Michelle Roddel owns Corpus Christi’s Beauty & the Bistro restaurant in the One Shoreline Plaza high-rise office complex. She took advantage of all the help she could get before opening her full-service salon, café and catering company.

“My original dream was to open a bed & breakfast inn, but after looking at the business plan and financial projections that the counselor at the Del Mar College Small Business Development Center helped me put together, I realized I needed to scale down my plans and concentrate on what I really wanted to do. My counselor foresaw my project (would) take four years from start to finish, up until I opened my doors for the first time. And that is exactly how long it took me!”

The Small Business Development Center, a resource partner of the U.S. Small Business Administration is a non-profit that offers free help for start-up and existing businesses. Its services cover business counseling, training programs, business plans, loan request packaging and technical assistance with management.

“Thirty-five percent of our clients were women owned businesses in fiscal year 2000, and we have seen a five percent increase in 2004. Also, half of our training seminar attendees were women,” said Ann Fierova, Director of the Del Mar College SBDC.

The SBA also sets guidelines and administers loan programs for the banks and lending institutions that actually make the loans. “We back these loans with a guarantee that will eliminate some of the risk to the lending partners,” says Debbie Fernandez, Economic Development Specialist with the SBA.

Wendy Freeman, owner of The Woodhouse Day Spa in Corpus Christi, received an SBA guaranteed small business loan from ValueBank. “A friend of mine, whom I went to college with in Victoria, Texas, opened The Woodhouse Day Spa there and two years later franchised it.

“I was having a hard time finding a job at the time in my field [accounting] in Corpus Christi and this seemed like the perfect opportunity,” remembers Freeman. Today her business is doing so well that she is working on opening another franchise in Round Rock, Texas. She is working with SBA again, hoping to lock in another guaranteed loan.

“As a woman business owner, you have to be even more persistent, determined, resilient, and committed, especially in male dominated industries where women face more obstacles getting into business. You have to be a little bit tougher than a male in order to break that glass ceiling and make it in business, “ says Fernandez. “Women had to prove themselves in the past, and those same perceptions may still be there today. But hopefully, I think, times are changing.”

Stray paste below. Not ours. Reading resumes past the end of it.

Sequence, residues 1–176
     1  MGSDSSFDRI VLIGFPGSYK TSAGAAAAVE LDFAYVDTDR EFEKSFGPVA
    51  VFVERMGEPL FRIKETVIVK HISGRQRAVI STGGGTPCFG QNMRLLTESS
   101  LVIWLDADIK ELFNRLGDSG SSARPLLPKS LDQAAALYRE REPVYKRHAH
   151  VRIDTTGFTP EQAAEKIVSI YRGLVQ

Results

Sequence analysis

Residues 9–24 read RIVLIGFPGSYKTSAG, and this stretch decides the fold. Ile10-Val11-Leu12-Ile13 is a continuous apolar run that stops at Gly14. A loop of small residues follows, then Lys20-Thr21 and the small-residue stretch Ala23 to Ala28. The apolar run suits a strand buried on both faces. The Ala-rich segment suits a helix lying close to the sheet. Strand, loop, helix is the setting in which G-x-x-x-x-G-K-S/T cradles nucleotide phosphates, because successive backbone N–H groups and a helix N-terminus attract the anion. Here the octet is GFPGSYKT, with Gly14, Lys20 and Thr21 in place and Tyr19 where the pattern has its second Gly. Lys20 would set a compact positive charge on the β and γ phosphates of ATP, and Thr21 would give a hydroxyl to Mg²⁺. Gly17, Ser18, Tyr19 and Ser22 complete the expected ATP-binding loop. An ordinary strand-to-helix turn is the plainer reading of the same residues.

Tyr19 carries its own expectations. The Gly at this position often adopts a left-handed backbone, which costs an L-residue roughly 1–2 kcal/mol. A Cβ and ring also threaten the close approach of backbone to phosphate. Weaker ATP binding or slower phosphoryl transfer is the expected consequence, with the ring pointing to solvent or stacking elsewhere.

Roddel experiences this often in her café and catering business. “I have to be strong willed almost to a fault and I have to have thick skin when dealing with some customers and employees who would prefer to do business and work with a man.”

“I have to stand my ground as far as my policies go, and I have to be strong so people don’t push me over. Organization skills and communication skills are a necessity in my business, but the most important is great customer service. I don’t want my customers to leave unhappy because for every one customer ten people hear about their experience and I want that experience to be a pleasant one,” says Freeman.

Both Roddel and Freeman agree that the hardest part of opening their small business was getting financed. Roddel started with hardly any working capital and that is still her company’s weakness today. “I was denied by bank after bank, until finally with the SBDC’s help I was approved for an ACCION Texas loan,” recalls Roddel.

ACCION Texas loans to low- and moderate-income small business owners who do not have access to commercial bank loans. Freeman was luckier and was able to obtain her SBA loan in about four months.

For Freeman, the easiest part of opening her business was to have the inventory ready and counted in. Roddel also had an easy time with inventory, because during her preparation phase, she was slowly buying items for her business. She also found the leasing, renovating and grand opening phase easy.

In contrast, Freeman did not. “Meeting the grand opening date and having everything ready to go on time was one of the hardest parts of opening my business,” she said.

“(One) of the misconceptions about starting a small business is that the owner will get rich and will have lots of money,” said Fierova. “Women business owners also think they will have plenty of time to spend with their kids, which is not true at the beginning when they are still trying to get the business off the ground working seventy hours per week. It is true later on, when the business is doing better, and they can afford to hire help.”

According to Fernandez, the biggest misconception she encountered is that there is free money available. Many believe that there are government grants for start-up small businesses, or that the SBA lends money that doesn’t need to be paid back. “People think opening a small business is a simple process. They think they just need to apply, no business plan or projections needed, just a simple application form,” says Fernandez.

Fernandez’s advice for someone who wants to go into business for themselves is to “...plan, plan, plan.”
“The key foundation is proper planning,” agrees Fierova. The entrepreneur should research the trade and industry, do a self-evaluation, develop relationships with bankers and others in the business community, use free services of local agencies like the SBDC and SBA, and most importantly he or she should be 100% committed.

“Make sure you have working capital, fully research your industry and market, and network in your business community before starting up; this will give you instant customers you wouldn’t have had otherwise,” Roddel advises.

“It’s a lot of work, but if you are an overachiever and you like a challenge and constant change in your environment, owning a small business is the right thing for you,” says Freeman.